OCETI SAKOWIN & BEYOND: CREATING TRANSFORMATIVE COLLABORATION
Saturday, June 23 | 1:30 p.m. – 4:00 p.m. | 2103 B
What does it mean to be human? How do we relate with one another and the environment? The InterNātional Initiative for Transformative Collaboration will share experiences and insights of the Oceti Sakowin water protector camp and create opportunities to practice cultural safety, decolonizing conversations, interfaith and intercultural relationships, and well-being.
Your gift to this fundraiser will greatly help the INITC and Stories & Songs of the People to comfortably attend the full General Assembly: building and deepening relationships with members of our UU faith, and celebrating the ordination of Rev. Karen Van Fossan (minister of the UU Fellowship and Church of Bismarck-Mandan) during the Service of the Living Tradition. Thank you for your generosity and support!
Photos witnessed by Wil Sterner
Help Cassie get across the ocean to attend GA!
A friend here in New Zealand gave me $20 NZD towards my Faithify! Check out the pretty polymer bills here: this one has the Karearea on it.
I am a young adult seeking financial support to recoup travel costs to work at GA 2018. As the junior co-facilitator for YA@GA and delegate for Auckland Unitarian Church, I am asking for your support to help me get to General Assembly in Kansas City 2018!
The UUA generously provides accomodation and food for volunteer staff during General Assembly, but the budget only accounts for domestic flights. The maximum stipend for flights is $600 USD, but the international flights and travel insurance are well over twice that! Such a large expense cannot be managed easily as a graduate student, so please consider giving a few dollars (or more) or sharing this Faithify on social media. Keep reading for a little bit more about me and my role at GA 2018/2019…
As the Junior Co-Facilitator I have been learning from some of our brilliant young adult leaders, in preparation for stepping up as the Senior Co-Facilitator for GA 2019. My role involves working with the Young Adult and Campus Ministry staff at the UUA in creating roles and the selection of our yearly volunteer YA@GA staff, organising workshops and social events for General Assembly, and ensuring everything runs smoothly at the event itself.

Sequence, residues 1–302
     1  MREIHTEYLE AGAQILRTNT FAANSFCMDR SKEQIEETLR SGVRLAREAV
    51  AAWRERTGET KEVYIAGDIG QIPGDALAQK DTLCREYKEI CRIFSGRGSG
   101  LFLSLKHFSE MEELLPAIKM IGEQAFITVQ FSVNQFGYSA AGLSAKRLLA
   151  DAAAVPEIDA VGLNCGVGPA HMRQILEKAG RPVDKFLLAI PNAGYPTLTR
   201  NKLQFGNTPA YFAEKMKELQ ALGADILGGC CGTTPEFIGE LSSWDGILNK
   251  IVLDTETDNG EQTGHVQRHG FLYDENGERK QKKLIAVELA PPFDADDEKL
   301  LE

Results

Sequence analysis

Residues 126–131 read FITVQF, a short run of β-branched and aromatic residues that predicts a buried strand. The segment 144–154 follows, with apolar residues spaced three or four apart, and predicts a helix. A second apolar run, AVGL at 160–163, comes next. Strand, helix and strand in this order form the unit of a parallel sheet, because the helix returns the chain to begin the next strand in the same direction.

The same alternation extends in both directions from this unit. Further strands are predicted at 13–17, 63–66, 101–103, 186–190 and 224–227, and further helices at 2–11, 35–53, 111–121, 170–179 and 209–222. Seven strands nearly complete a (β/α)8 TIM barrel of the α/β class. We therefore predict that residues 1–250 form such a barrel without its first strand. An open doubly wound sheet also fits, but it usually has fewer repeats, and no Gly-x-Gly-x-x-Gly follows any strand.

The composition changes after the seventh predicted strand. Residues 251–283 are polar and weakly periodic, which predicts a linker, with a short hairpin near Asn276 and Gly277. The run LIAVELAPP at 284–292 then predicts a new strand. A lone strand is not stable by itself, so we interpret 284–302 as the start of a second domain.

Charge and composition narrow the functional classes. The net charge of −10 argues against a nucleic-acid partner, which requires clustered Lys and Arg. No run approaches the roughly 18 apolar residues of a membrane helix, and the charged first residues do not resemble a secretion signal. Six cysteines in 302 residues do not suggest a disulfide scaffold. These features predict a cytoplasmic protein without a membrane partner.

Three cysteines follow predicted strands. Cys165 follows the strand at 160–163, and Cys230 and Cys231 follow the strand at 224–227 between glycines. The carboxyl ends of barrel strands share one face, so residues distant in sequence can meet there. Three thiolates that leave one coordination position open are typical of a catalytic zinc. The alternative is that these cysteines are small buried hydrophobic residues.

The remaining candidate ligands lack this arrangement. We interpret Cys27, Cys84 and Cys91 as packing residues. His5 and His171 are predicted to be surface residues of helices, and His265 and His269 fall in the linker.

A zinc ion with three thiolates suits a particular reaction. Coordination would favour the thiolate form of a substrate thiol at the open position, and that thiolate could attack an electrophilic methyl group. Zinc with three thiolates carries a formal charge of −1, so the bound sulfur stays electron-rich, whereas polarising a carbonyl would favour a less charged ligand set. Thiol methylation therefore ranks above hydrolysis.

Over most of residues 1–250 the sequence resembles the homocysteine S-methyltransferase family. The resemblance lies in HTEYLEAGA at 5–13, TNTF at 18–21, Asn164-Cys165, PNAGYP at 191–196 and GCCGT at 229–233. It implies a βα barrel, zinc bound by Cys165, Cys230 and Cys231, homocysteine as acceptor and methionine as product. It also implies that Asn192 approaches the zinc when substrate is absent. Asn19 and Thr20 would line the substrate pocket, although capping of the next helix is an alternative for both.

As for me, as a life-long UU and expatriate to the US, I am personally and spiritually delighted to be able to return to the US to participate in GA. I grew up in what is now the Southern District, at the Denton Unitarian Universalist Fellowship in Texas. I attended UU summer camps in Oklahoma (SWUUSI) most of my childhood and into young adulthood and even Maine (Ferry Beach) a few summers as a preteen.
Before emigrated out of the north Texas area, I spent my Sundays at Horizon Unitarian Universalist Church, organising workshops for the young adults, facilitating Coming of Age, and teaching Adult/Young Adult OWL.
I am dedicated to doing anti-racism work, such as the White Supremacy Teach-In at Auckland Unitarian and Undoing Racism with the People’s Institute for Survival and Beyond at GA in 2017. I am a member of Allies For Racial Equity, and have done a White Supremacy workshop for Horizon UU in Carrollton, Texas.
Here in New Zealand I am studying the experiences of transgender and gender diverse people with their doctors, and a volunteer locally for teaching on LGBT+ issues for university faculty and student leadership. As a delegate to a church so far from the US, I present my congregation with a unique and rare opportunity to participate and engage with UUA politics and going ons.
The nitty gritty:
Flights from NZ to the US are about $1400.00 USD, my required international travel insurance will be around $160-$200.00 USD. With the UUA travel stipend of $600.00 USD, it will be about $1000. $1200 should safely cover my expenses, processing fees on the Faithify platform, and any unforeseen travel add ons! Any amount raised over the goal will be put towards the trip to GA 2019, where I will be the Senior Co-Facilitator for YA@GA.
Thank you for your time and energy, and I hope to see you at GA in Kansas City!
Send McKayla to...
Hello, everyone! Thank you for visiting my campaign page!
My name is McKayla Hoffman, and I am an aspiring minister who is fundraising in order to attend the 2018 Unitarian Universalist General Assembly!
About My Journey: